Thursday 3 September 2015

059) Secular Education - A Great Divide?

The first published translation of a classical science text into the holy language .
(Vilna 1780)
Many would be surprised to discover that there is a kaleidoscope of opinion regarding whether or not a Jew may undergo a secular education. For someone born into western civilization, it seems hard to imagine that this basic ‘right’ is even up for discussion. For others it is equally surprising that anyone would even want to study anything other than the Torah.

Although there are many sources that forbid secular studies, there are just as many that take a  very different view. The ensuing debate is rather colourful and most enlightening, highlighting a ‘great divide’ within the Orthodox community.


According to the Ramo, it is forbidden to engage in a fixed programme of secular studies. However, he says that the occasional study of secular wisdom would be permitted.[1] Some have suggested that the reason for this ruling is not bittul Torah (wasting time that could otherwise have been spent on Torah study), but rather bizayon haTorah (bringing disgrace to the superior value of Torah by ‘displacing’ it with something secular).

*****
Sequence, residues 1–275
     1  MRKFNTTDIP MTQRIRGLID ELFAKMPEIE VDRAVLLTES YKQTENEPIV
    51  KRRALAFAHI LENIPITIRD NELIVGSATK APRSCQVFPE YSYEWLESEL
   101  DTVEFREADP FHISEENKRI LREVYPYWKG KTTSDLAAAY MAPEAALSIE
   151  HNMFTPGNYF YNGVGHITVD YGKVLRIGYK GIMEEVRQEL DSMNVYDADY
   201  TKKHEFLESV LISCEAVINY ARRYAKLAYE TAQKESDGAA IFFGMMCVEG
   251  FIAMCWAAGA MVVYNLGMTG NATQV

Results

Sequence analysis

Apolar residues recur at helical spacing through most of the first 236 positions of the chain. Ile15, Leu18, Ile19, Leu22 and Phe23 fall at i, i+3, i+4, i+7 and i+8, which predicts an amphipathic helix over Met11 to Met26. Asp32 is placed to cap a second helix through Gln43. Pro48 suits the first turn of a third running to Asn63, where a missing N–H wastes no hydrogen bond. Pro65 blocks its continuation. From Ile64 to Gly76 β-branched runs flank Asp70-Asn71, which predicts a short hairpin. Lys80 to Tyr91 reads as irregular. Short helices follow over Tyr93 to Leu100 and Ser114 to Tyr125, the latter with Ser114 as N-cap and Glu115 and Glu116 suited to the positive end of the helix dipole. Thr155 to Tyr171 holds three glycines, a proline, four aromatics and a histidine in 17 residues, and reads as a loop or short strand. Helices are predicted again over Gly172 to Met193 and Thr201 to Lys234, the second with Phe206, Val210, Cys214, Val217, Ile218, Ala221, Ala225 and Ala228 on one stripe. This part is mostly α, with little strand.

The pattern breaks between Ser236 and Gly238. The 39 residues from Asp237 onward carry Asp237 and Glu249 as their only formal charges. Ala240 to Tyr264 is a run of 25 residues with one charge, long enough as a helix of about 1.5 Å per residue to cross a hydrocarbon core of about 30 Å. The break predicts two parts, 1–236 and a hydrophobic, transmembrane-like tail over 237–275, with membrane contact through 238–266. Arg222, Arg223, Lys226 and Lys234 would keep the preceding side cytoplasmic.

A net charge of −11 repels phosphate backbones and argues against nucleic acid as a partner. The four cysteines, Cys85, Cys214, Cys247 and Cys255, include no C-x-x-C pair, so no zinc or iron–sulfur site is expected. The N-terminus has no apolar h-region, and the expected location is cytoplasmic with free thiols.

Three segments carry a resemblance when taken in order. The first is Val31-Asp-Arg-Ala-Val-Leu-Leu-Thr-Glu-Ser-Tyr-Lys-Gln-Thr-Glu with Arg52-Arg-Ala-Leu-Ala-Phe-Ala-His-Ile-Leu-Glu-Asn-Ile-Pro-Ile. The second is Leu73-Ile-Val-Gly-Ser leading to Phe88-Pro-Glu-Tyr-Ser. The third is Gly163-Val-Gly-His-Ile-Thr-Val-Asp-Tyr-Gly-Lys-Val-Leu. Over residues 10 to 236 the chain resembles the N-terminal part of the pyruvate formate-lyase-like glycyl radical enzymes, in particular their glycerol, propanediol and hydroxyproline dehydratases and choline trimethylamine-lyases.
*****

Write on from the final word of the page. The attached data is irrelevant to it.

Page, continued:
Rabbi Shneur Zalman of Liadi, the founder of the Lubavitch movement writes “The impurity of science is greater than the impurity of idle speech ...Thus it is forbidden, unless one employs this as a useful instrument (such as a means of earning a livelihood).”[2]


I am aware of a teaching of Rabbi Nachman of Breslov that I am fond of quoting (although I forget where I saw it). It says something to the effect that the passionate pursuit of anything neutral, that is not expressly forbidden by the Torah, may be counted as Torah study as both have the same result, namely, keeping one away from sin. Yet, nonetheless, he was against secular education, intimating that faith and rationalism cannot go hand in hand without one yielding to the other.


Rabbi Elchanan Wasserman writes “If you must sit in a school with non-Jews and befriend them, it is forbidden...If you do not have to befriend them and you do not study heresy, and you study in order to make a living, then is permitted and is a mitzvah.”[3]